Roger Ebert called movies “the most powerful empathy machine in all the arts,” and the best ones allow you to live another person’s life for a few hours. Paul Weitz’s new film Grandma allows the audience to see a controversial subject from a different perspective. Weitz, whose previous films include About a Boy and In Good Company, seemingly wrote and directed Grandma with empathy in mind. While writing, he might have also had the second wave feminism slogan, “The personal is political,” taped to his wall. Weitz puts a very human face on some very big political issues, and he does it with grace and frankness.
Sage (Julia Garner) is a teen in trouble. She’s pregnant, and her acerbic grandma Elle (Lily Tomlin) is the only person she feels comfortable turning to for help. Sage doesn’t have the 600 dollars she needs for an abortion, so she asks grandma Elle for the money. Elle is having some issues of her own, namely a break-up with her girlfriend Olivia (Judy Greer), that happens just minutes before Sage shows up. Elle tells Olivia that the few months they were together amount to a footnote in her life, compared to the decades she spent with her recently deceased partner, Violet. This breakup opens the film, and it grounds the rest of Grandma in a realism that gives way to delightful comedy throughout. After Olivia walks out in tears, Sage shows up and confides to her grandma why she needs the cash. Elle is forced to admit that she doesn’t have the money either. The two women set out to beg and borrow for enough cash to pay for Sage’s procedure, which is scheduled for five o’clock that afternoon.
The real strength of Grandma is its refusal to moralize. This is life. Sometimes women need an abortion, and Weitz doesn’t waste time trying to convince the audience that’s okay. Instead, he constructs characters that feel very real, and he puts them in circumstances that show (rather than tell) why a perfectly legal medical procedure can be next to impossible to obtain for women with no financial means. The director also wisely refrains from having his characters deliver big speeches. Instead, he provides scenes like the one where the granddaughter tells her grandmother that she would like to have children someday, but she’s mature enough to know that now is not the right time. She isn’t in a place in her life to support a baby, so ending the pregnancy is the most responsible thing she can do.
But the movie isn’t completely one-sided. The writer/director complicates matters by going beyond the simple pro-choice/pro-life dichotomy. In desperation, Elle ignores her better judgement and contacts a man she married a half century ago, allowing the movie to deftly address why LGBT people deny their true selves in an intolerant society. She asks her old flame, Karl (Sam Elliott), for the money, but she refuses to say why she needs it. The truth eventually comes out and Karl refuses to help, but not simply because he is pro-life. In an emotionally wrenching scene, Karl reminds Elle how decisions from the distant past can poison people for decades. Sam Elliott gives a supporting performance worthy of an Oscar, portraying Karl with a deep well of hurt.
Elliott’s excellent performance is one of many on display in Grandma. Lily Tomlin – who hasn’t had a leading role in a film since 1988’s Big Business – shines in the role of Grandma Elle. Tomlin delivers in a way only someone with such vast life experience could. Her unique and expressive face gives subtle shading to the sarcasm, wit, and tempered ferocity of Elle. It’s a performance that career resurgences are built on. Julia Garner gets to the heart of Sage. She makes the character exactly what it needs to be –a confused, bright girl who desperately wants to do the right thing. The movie is rounded out with a series of cameos from the likes of John Cho, Laverne Cox, the late Elizabeth Peña (in one of her last film roles), and Colleen Camp in a blink-and-you’ll-miss-her role that brings the movie its levity.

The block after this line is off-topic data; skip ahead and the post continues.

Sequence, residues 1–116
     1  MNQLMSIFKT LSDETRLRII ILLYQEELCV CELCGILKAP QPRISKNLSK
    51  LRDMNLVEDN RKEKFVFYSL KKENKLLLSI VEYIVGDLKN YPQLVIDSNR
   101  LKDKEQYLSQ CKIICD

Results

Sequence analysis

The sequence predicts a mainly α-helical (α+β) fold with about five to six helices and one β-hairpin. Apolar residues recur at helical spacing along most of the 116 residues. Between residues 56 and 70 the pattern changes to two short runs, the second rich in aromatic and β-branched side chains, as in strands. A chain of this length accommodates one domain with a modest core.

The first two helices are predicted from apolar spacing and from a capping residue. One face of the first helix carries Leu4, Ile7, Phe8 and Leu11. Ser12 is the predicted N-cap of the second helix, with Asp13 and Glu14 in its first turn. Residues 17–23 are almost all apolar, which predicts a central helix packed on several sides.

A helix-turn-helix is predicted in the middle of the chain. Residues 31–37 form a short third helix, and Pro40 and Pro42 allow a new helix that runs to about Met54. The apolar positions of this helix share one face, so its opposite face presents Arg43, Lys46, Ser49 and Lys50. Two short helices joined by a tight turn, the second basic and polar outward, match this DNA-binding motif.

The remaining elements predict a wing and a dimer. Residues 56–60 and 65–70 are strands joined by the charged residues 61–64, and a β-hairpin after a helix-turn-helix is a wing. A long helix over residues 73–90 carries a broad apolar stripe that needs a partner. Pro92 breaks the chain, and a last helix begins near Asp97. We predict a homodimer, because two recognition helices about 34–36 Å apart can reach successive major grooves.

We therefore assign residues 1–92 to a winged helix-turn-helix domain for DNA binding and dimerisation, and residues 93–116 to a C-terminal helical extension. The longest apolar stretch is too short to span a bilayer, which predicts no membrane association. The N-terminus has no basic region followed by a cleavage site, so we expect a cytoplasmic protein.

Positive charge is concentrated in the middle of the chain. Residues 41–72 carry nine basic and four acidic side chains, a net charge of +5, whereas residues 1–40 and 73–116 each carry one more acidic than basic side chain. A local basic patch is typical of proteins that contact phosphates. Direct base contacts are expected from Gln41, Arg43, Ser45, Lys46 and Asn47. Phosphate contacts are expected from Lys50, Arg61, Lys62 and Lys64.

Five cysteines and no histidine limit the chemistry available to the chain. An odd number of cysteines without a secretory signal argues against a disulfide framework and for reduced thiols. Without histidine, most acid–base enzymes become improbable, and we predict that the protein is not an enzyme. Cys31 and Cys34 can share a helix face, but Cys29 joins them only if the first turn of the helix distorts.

The weakest link in the cast is Marcia Gay Harden, who goes way over the top as Judy, Sage’s strict, career-driven mother. The movie derails a bit when we’re introduced to Judy, a no-nonsense business woman who has a treadmill attached to her desk so she can exercise while she works. The cans of Red Bull that Judy has on her desk are too clever by half, ensuring the audience gets what type of character Judy is in no uncertain terms. In fact, Harden’s performance turns Judy into just that –a type, and it thwarts the feel of the rest of the movie. Cinematographer Tobias Datum unfortunately uses an overactive handheld camera that’s starting to feel a bit cliché for a small budget indie film. These are small blemishes in a film that otherwise feels just right. Weitz created a world and characters that feel very authentic, thanks in no small part to the outstanding performances.
Why it got 4 stars:
- Lily Tomlin’s performance (along with almost every other performance) is not to be missed.
- Weitz’s writing and direction create a movie that is warm and authentic. His characters feel like they could exist beyond the screen.
- Although there are some rough edges (like Hardin’s character), as a whole, Grandma is solid in its construction and execution.
Things I forgot to mention in my review, because, well, I'm the Forgetful Film Critic:
- The movie doesn’t overstay its welcome. At just 79 minutes, Grandma is lean, and Weitz was very focused on what he wanted to accomplish with his movie.
- There’s a bit of comedy towards the end with a woman and her daughter protesting outside of the abortion clinic. It doesn’t quite work; it feels a bit too broad to fit with the rest of the movie.